Watch for Lane Solutions Issue #60 and find out why a faraway island country welcomed Dr. Hayden with open arms – and open mouths waiting for a good dentist.
Ed. Note: This is the first of a three part series
Dr. Cedric Ross Hayden, D.D.S had a dream. He wanted to outfit a mobile dental clinic, staff it with volunteer dentists and hygienists, move it around rural areas in Lane Co. and offer regular, free dental care to low income Oregonians.
Here’s how it would work: Dr. Hayden would drive the clinic to a small town. He’d park it there long enough to meet local dental needs. Then he’d take it to nearby rural towns, parking it for a week or so. His goal was to visit these towns three times a year, providing regular dental treatment.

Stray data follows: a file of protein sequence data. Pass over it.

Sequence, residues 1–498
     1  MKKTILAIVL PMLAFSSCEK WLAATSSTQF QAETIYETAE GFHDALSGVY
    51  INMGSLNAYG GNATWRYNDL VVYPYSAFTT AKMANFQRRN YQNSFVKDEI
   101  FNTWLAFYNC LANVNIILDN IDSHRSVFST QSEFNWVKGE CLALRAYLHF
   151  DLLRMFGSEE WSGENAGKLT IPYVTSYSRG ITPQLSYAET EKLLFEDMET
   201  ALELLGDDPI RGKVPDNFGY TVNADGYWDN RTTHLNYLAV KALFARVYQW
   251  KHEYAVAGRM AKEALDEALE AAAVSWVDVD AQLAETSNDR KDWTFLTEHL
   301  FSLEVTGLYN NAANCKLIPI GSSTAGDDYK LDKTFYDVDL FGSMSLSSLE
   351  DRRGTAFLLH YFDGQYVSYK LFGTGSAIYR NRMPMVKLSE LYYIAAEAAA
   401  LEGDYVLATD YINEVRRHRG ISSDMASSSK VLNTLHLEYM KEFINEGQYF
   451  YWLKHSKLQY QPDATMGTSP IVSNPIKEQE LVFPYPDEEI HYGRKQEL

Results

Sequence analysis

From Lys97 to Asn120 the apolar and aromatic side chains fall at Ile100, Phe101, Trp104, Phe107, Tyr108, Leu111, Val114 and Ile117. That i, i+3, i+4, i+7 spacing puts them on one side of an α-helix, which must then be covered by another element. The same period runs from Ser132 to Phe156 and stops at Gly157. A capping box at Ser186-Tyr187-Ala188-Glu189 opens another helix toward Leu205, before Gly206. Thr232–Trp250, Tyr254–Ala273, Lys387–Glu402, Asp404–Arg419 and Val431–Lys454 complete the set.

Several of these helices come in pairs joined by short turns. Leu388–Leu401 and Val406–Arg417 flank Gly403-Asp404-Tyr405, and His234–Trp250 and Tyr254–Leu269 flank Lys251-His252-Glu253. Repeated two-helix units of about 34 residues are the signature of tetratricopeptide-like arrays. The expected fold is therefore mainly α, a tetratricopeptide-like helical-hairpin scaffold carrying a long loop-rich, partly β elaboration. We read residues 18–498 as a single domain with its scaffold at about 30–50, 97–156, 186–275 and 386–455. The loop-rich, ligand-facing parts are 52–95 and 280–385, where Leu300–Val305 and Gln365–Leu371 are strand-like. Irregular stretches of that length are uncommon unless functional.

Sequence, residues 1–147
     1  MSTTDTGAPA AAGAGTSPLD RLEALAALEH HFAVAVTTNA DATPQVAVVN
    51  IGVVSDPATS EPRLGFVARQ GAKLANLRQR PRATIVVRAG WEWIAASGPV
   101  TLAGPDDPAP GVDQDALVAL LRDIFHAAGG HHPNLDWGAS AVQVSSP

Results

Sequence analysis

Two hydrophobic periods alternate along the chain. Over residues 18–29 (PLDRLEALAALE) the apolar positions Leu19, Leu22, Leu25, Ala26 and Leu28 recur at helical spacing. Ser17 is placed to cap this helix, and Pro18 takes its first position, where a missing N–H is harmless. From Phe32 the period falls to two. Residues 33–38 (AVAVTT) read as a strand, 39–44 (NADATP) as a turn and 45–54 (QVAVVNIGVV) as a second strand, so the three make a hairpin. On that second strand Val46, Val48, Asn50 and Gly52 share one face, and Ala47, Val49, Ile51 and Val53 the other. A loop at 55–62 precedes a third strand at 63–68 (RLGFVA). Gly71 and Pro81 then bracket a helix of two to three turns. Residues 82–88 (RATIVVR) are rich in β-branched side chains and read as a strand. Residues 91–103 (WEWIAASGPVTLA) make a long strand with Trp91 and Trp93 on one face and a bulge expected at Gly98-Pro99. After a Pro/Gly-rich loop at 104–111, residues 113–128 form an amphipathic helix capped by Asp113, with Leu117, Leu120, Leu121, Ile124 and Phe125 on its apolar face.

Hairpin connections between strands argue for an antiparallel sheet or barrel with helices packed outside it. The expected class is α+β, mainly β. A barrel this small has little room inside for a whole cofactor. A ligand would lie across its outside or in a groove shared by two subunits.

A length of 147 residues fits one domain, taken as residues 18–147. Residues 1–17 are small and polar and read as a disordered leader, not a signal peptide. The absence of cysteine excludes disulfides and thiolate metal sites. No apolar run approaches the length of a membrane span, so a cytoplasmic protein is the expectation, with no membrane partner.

Was Dr. Hayden asking anyone to pay for his clinic? No. He and brother Matthew had already funded it with $200,000 out of their own pockets. Sounds like a good deal, doesn’t it?
As ESPN sportscaster Lee Corso would say, “Not so fast, my friend.” Because his dream would turn to dust.
What went wrong? Why would small burgs in Lane Co. not welcome him and his mobile dental care facility with open arms? And why does Micronesia have the dental care that Lane County didn’t want? Find out in the next issue of Lane Solutions as we focus on one town’s “Thanks but no thanks.”
…When the Oregon Legislature convenes Monday, two large state agencies will be asking for tens of millions of dollars.
Corrections officials say they need about $90 million, and Human Services officials say they need about $100 million to fill their gaps, though some money is expected from other sources…